How to calm your nerves
Working towards goals and targets should involve stepping out of your comfort zone, otherwise there’s no point going for them.
When you step out of your comfort zone, your level of anxiety/nervousness rises, and that’s OK, because you should be in your Stretch Zone. This is where new learning takes place and new skills are developed.
These ‘healthier’ nerves can be useful; e.g. by providing the adrenaline to get you through a new situation. But if you find you’ve let them get out of control (and you’ve entered the Panic Zone) you need to find ways to reduce the nerves and build up your confidence in this new area.
“You can’t get rid of the butterflies, but you can teach them to fly in formation”
So, as you’re working on goals and targets this coming academic year, if you feel that your nerves are getting in the way of goal-achievement, try one or more of these strategies …
1. Imagine yourself at a train station, standing on the platform.
A train pulls up and each carriage represents your thoughts (‘train of thoughts’!!) … e.g. nervousness, anxiety, worry. The doors open; you remain on the platform. The doors close and the train leaves. Watch the train pull out of the station, taking ‘anxiety’ (for e.g.) with it. Watch until you can no longer see it. Repeat the process with other thoughts that are getting in the way of you managing your nerves.
NB You can adapt this visualisation to suit you … I’ve recently taken up archery, so an alternative for me could be to ‘load’ each arrow with an unhelpful thought and send it flying towards a target!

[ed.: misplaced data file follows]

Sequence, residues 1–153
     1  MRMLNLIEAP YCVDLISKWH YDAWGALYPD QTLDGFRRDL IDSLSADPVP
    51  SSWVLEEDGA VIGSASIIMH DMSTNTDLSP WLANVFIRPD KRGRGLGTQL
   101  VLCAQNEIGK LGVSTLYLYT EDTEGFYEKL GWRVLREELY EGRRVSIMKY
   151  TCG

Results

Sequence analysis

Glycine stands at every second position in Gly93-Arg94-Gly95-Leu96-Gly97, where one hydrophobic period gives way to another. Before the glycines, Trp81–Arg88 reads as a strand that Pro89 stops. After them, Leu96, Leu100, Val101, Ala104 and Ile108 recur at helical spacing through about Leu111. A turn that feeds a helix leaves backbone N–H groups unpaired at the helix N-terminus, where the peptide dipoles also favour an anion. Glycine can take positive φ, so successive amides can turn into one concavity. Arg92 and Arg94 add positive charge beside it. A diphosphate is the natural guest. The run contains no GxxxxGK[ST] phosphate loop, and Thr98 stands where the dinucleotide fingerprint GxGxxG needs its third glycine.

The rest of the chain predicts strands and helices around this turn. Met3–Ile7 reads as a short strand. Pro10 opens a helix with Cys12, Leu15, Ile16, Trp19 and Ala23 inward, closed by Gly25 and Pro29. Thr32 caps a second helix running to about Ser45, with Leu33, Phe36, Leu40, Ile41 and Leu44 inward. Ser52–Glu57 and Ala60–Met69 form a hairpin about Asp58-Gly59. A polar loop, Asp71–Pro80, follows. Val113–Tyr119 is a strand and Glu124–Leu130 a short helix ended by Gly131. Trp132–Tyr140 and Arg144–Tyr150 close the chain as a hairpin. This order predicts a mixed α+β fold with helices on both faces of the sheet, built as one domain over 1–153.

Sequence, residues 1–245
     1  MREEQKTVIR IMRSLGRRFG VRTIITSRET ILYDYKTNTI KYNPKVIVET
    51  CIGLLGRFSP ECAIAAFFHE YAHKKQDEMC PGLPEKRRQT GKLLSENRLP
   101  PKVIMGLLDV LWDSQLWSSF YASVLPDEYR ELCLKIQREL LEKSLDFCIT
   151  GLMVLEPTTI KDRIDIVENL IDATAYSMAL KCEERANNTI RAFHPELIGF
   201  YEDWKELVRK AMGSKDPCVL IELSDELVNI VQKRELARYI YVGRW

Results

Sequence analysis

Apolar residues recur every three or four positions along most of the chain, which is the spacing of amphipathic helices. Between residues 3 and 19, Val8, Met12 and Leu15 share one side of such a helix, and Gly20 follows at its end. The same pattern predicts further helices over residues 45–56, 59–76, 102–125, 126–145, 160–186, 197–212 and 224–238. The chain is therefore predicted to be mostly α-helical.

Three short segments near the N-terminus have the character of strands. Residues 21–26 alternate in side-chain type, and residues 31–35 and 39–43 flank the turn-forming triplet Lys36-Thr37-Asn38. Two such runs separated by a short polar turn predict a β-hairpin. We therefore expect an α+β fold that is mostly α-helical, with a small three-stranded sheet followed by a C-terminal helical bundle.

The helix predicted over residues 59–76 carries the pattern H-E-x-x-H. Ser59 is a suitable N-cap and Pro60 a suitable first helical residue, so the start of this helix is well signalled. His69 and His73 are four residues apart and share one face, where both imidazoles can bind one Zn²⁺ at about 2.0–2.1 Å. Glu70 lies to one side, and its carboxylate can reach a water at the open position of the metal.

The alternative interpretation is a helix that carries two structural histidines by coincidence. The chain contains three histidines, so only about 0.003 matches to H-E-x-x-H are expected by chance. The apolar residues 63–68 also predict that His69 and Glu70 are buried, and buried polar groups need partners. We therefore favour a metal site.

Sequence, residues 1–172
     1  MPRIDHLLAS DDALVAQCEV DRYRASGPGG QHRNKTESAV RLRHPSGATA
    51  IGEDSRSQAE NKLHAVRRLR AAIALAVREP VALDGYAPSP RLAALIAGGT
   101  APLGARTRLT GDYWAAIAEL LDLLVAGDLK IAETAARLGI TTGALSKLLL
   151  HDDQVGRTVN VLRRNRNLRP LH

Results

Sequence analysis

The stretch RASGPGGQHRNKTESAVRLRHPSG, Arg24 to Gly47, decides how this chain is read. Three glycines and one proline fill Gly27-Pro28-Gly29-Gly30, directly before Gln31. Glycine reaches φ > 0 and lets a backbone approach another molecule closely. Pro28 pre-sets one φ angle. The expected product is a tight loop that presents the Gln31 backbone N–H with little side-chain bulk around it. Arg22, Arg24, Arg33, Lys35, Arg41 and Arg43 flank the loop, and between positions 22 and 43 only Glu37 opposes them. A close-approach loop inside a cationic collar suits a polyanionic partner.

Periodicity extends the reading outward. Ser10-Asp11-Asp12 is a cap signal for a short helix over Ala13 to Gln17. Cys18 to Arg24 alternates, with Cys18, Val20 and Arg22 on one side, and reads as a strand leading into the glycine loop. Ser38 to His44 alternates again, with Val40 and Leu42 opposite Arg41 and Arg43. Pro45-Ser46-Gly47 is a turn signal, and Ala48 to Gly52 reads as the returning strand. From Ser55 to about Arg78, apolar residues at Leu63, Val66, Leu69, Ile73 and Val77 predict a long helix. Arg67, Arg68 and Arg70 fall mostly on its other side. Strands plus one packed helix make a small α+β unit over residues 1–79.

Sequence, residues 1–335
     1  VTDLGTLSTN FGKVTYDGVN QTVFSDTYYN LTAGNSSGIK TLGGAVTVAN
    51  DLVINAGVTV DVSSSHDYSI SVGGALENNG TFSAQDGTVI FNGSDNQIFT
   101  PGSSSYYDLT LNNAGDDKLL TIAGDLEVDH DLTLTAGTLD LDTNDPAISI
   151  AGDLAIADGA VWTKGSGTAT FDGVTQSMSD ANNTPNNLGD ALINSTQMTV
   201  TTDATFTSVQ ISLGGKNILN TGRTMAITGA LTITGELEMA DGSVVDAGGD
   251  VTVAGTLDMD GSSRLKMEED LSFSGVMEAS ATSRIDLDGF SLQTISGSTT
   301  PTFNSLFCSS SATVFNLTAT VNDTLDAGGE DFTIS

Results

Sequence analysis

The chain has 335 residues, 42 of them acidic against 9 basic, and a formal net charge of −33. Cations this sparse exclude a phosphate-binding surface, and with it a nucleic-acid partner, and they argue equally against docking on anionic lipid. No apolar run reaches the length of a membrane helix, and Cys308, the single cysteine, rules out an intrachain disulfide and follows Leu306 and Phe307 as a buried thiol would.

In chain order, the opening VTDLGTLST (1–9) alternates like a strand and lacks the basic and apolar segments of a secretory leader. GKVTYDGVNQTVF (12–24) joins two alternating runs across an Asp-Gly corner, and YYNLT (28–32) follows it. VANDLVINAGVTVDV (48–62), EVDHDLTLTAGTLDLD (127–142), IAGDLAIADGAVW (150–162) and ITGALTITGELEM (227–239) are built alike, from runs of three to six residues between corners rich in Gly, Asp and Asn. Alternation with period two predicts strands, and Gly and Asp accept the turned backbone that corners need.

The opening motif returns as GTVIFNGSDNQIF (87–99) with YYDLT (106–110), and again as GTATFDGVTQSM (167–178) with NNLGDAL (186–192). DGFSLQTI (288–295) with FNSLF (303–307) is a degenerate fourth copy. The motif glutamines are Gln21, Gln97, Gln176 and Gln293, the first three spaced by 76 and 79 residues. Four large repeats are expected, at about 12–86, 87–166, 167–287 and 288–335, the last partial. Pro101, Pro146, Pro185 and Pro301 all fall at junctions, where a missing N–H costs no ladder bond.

What would work for you?
2. Go into new situations expecting that they aren’t going to be perfect
They’ll be the best you can make them at that moment in time.
Did you get on a bike and ride it for the first time without a wobble or two? No? So why do you expect that you need to totally succeed at any new experience without practice?
3. Talk yourself out of it!
The feelings of nervousness come about because of what you’re thinking.
For example … You’re about to deliver a staff meeting or INSET day for the 1st time, and you’re concerned about what others will think of your ideas/presentation style
Solution? Have a healthy conversation with yourself about this using the following format:
- Notice the original, unhealthy thought when it happens
- Decide to give yourself a better chance of success by changing this
- Change it to something more useful … “I am prepared, I know my stuff and I have something valuable to share with my colleagues. My audience will include a mixture of colleagues in terms of their experience, so everyone will take something different away from the session. I accept this.”
Which of the 3 suggestions above are you most likely to try?
What else have you tried in order to calm the nerves?
I’m Debbie Inglis, a performance coach, mentor and trainer, working with Heads, Principals, School leaders and their teams to maximise leadership performance, create more effective, confident, and motivated teams … in a way that brings out the best in you.